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Imelda Staunton

From Wikipedia, the free encyclopedia

Imelda Staunton

Imelda Staunton (2011).jpg
Staunton at the world premiere of Harry Potter and the Deathly Hallows – Part 2 in 2011
Imelda Mary Philomena Bernadette Staunton

(1956-01-09) 9 January 1956 (age 64)
Alma materRoyal Academy of Dramatic Art
Years active1976–present
Jim Carter (m. 1983)

Imelda Mary Philomena Bernadette Staunton, CBE (born 9 January 1956)[1] is an English stage and screen actress. After training at the Royal Academy of Dramatic Art, Staunton began her career in repertory theatre in the 1970s before appearing in various theatre productions in the United Kingdom.

Staunton has performed in a variety of plays and musicals in London, winning four Olivier Awards; three for Best Actress in a Musical for her roles in the plays Into the Woods, Sweeney Todd, and Gypsy, and one for Best Supporting Performance for her work in both A Chorus of Disapproval and The Corn is Green. Her other appearances on stage includes The Beggar's Opera, The Wizard of Oz, Uncle Vanya, Guys and Dolls, Entertaining Mr Sloane, and Good People. She has been nominated for thirteen Olivier Awards throughout her stage career.

On film, Staunton drew widespread critical acclaim for her performance in the title role in Mike Leigh's Vera Drake, for which she won the BAFTA Award for Best Actress in a Leading Role and the Venice Film Festival Volpi Cup for Best Actress, in addition to being nominated for the Academy Award, the Golden Globe and the Screen Actors Guild Award for Best Actress.

On television, Stuanton starred in the sitcoms Up the Garden Path and Is it Legal?. Her performance in My Family and Other Animals earned her a nomination for the International Emmy Award for Best Actress, while her roles in Return to Cranford and The Girl earned her BAFTA TV Award nominations for Best Supporting Actress. For the latter, she was also nominated for the Primetime Emmy Award for Outstanding Supporting Actress in a Miniseries or a Movie.

Early life

Staunton was born in Archway, North London, the only child of Bridie (née McNicholas), a hairdresser, and Joseph Staunton, a road-worker and labourer.[2] The family lived over Staunton's mother's salon.[3] Her parents were first-generation Catholic immigrants from County Mayo, Ireland; her father from Ballyvary and her mother from Bohola.[4] Staunton's mother was a musician who could not read music, but could master almost any tune by ear on the accordion or fiddle and had played in Irish showbands.[5]

As a pupil at La Sainte Convent,[6] she took drama classes with her elocution teacher and starred in school productions of plays, including the role of Polly Peachum in a school production of The Beggar's Opera.[5][7] Encouraged by an elocution teacher at her school, Staunton auditioned for drama schools and got into the Royal Academy of Dramatic Art (RADA) at the age of 18.[4][8] She also auditioned for the Central School of Speech and Drama and Guildhall School of Music and Drama, but was rejected by both schools.[7]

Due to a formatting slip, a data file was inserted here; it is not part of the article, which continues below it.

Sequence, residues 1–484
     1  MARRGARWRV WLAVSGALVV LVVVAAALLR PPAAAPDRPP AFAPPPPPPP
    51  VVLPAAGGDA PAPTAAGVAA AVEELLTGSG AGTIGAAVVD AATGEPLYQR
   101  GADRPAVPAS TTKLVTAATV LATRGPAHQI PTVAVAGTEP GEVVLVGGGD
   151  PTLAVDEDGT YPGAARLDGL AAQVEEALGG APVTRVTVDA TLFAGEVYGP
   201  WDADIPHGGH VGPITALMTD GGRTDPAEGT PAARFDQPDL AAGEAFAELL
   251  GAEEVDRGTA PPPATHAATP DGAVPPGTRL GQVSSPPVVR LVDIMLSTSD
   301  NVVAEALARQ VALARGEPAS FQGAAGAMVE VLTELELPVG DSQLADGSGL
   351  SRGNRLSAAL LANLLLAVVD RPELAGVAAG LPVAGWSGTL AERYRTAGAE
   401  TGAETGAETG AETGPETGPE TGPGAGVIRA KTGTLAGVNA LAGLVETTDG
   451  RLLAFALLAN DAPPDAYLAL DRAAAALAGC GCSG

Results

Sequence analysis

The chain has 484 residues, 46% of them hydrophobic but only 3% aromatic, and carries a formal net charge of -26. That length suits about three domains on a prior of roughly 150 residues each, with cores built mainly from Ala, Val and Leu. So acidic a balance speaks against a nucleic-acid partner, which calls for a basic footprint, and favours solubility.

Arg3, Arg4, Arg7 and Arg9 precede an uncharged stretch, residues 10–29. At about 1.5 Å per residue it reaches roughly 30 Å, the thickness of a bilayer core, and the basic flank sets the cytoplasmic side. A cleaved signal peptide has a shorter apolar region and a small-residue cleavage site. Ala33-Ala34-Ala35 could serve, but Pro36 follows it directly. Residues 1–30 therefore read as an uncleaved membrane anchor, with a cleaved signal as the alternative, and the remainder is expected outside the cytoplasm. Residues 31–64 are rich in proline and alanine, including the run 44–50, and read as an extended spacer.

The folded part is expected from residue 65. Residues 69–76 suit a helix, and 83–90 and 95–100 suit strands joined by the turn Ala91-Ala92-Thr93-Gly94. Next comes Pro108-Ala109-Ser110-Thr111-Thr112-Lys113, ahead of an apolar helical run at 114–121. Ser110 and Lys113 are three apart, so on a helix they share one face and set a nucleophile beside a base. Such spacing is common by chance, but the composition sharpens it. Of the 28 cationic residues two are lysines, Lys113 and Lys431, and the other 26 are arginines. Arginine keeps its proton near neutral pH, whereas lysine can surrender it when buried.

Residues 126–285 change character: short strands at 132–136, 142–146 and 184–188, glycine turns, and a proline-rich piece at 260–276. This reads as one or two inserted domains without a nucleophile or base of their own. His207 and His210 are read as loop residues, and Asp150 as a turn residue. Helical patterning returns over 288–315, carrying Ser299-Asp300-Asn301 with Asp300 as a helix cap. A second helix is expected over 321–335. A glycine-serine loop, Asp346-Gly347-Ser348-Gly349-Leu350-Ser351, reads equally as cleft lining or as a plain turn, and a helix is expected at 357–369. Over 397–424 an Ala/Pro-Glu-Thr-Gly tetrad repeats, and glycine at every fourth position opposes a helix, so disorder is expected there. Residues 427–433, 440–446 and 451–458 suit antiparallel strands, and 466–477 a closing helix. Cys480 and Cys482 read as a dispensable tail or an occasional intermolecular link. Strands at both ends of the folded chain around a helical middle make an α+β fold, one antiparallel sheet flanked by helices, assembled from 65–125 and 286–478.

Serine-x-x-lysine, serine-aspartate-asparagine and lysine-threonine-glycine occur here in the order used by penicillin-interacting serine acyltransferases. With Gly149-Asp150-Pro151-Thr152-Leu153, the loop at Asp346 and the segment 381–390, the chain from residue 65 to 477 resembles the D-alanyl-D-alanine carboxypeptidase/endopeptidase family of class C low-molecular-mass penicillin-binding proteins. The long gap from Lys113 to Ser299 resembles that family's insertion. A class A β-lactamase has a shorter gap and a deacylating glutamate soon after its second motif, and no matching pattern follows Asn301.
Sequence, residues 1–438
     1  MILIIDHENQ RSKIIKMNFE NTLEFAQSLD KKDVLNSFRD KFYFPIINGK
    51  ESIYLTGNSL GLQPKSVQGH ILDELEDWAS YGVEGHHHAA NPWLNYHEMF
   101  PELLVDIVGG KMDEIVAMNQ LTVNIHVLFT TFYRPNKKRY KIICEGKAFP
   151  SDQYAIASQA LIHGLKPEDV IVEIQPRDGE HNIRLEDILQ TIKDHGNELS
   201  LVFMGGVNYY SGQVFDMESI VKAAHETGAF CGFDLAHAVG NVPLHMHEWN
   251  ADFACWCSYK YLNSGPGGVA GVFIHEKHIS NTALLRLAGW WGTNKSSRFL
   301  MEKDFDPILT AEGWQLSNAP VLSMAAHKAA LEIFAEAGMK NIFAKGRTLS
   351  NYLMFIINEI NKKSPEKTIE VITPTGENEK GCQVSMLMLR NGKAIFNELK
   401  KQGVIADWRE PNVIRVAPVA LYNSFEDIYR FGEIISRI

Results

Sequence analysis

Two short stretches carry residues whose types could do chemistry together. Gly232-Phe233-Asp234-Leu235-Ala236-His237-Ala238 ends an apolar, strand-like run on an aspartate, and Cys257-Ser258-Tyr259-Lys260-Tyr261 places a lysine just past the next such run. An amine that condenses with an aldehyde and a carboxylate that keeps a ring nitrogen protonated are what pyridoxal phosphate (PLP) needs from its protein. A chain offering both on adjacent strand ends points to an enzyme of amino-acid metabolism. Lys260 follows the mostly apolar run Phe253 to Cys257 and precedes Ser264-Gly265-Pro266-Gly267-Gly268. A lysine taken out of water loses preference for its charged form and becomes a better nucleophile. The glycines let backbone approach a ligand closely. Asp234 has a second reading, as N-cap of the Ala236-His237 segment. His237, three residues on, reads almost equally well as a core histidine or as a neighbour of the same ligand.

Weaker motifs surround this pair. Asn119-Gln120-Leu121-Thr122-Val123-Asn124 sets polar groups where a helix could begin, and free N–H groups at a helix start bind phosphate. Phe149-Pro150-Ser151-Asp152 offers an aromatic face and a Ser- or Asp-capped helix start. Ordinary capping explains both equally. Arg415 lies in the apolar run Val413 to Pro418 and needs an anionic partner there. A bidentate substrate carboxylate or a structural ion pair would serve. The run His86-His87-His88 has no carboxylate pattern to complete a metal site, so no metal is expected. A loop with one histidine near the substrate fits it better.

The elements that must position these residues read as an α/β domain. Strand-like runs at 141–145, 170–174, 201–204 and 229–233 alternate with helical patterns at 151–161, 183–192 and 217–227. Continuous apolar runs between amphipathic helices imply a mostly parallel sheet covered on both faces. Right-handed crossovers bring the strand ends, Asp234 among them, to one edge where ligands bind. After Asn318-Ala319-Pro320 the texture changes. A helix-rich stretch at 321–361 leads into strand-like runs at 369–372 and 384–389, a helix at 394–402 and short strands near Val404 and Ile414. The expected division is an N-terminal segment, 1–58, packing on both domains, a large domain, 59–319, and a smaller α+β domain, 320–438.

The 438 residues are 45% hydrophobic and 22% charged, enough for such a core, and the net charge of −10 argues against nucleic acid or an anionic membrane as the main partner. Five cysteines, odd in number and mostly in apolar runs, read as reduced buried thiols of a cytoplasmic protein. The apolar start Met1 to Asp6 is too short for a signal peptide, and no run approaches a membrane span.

Staunton graduated from RADA in 1976,[9][10] then spent six years in English repertory theatre, including a period at the Northcott Theatre, Exeter, where she had the title role in Shaw's Saint Joan (1979). She then moved on to roles the National Theatre, including Lucy Lockit in The Beggar's Opera (1982), which earned her Olivier Award nominations for Best Actress in a Musical and Most Promising Newcomer of the Year in Theatre.[11] She also appeared in two revivals of Guys and Dolls at the National Theatre; the first in 1982 in which she met her husband Jim Carter[12] and the second in 1996 in which she played Miss Adelaide and was nominated for the Olivier Award for Best Actress in a Musical.[13]

In 1985, Staunton won her first Laurence Olivier Award for Best Performance in a Supporting Role for her work in both The Corn Is Green and at The Old Vic and A Chorus of Disapproval at the National Theatre.[14] She also played Dorothy in the Royal Shakespeare Company's 1987 revival of The Wizard of Oz at the Barbican Centre,[15][16] which earned her another Olivier nomination for Best Actress in a Musical.[17] Staunton won her first Laurence Olivier Award for Best Actress in a Musical for playing the Baker's Wife in the original London production of Into the Woods (1990).[18]

In the ensuing 20 years, Staunton mainly had roles in plays, including Sonya in Uncle Vanya (1988), Kath in Entertaining Mr Sloane (2009) and Good People (2014), for which she received Olivier nominations for Best Actress in a Play. She also appeared in two productions at the Almeida Theatre, firstly in the premiere of Frank McGuinness's There Came a Gypsy Riding in 2007 and secondly in a revival of Edward Albee's A Delicate Balance in 2011.

Most recently, Staunton has appeared in two Chichester Festival Theatre productions, taking on the role of Mrs Lovett in a revival of Stephen Sondheim's Sweeney Todd between 2011 and 2012, starring opposite Michael Ball, before starring as Rose in a revival of Gypsy between 2014 and 2015.[19] Both productions transferred to London for critically and commercially acclaimed runs.[20] Staunton won her second and third Olivier Awards for Best Actress in a Musical for the two productions in 2013 and 2016 respectively.[21]

Staunton returned to the Harold Pinter Theatre in London West End in 2017 as Martha in Who's Afraid of Virginia Woolf?, starring alongside Conleth Hill, Luke Treadaway and Imogen Poots at the Harold Pinter Theatre.[22] This play was broadcast in National Theatre Live on 18 May 2017.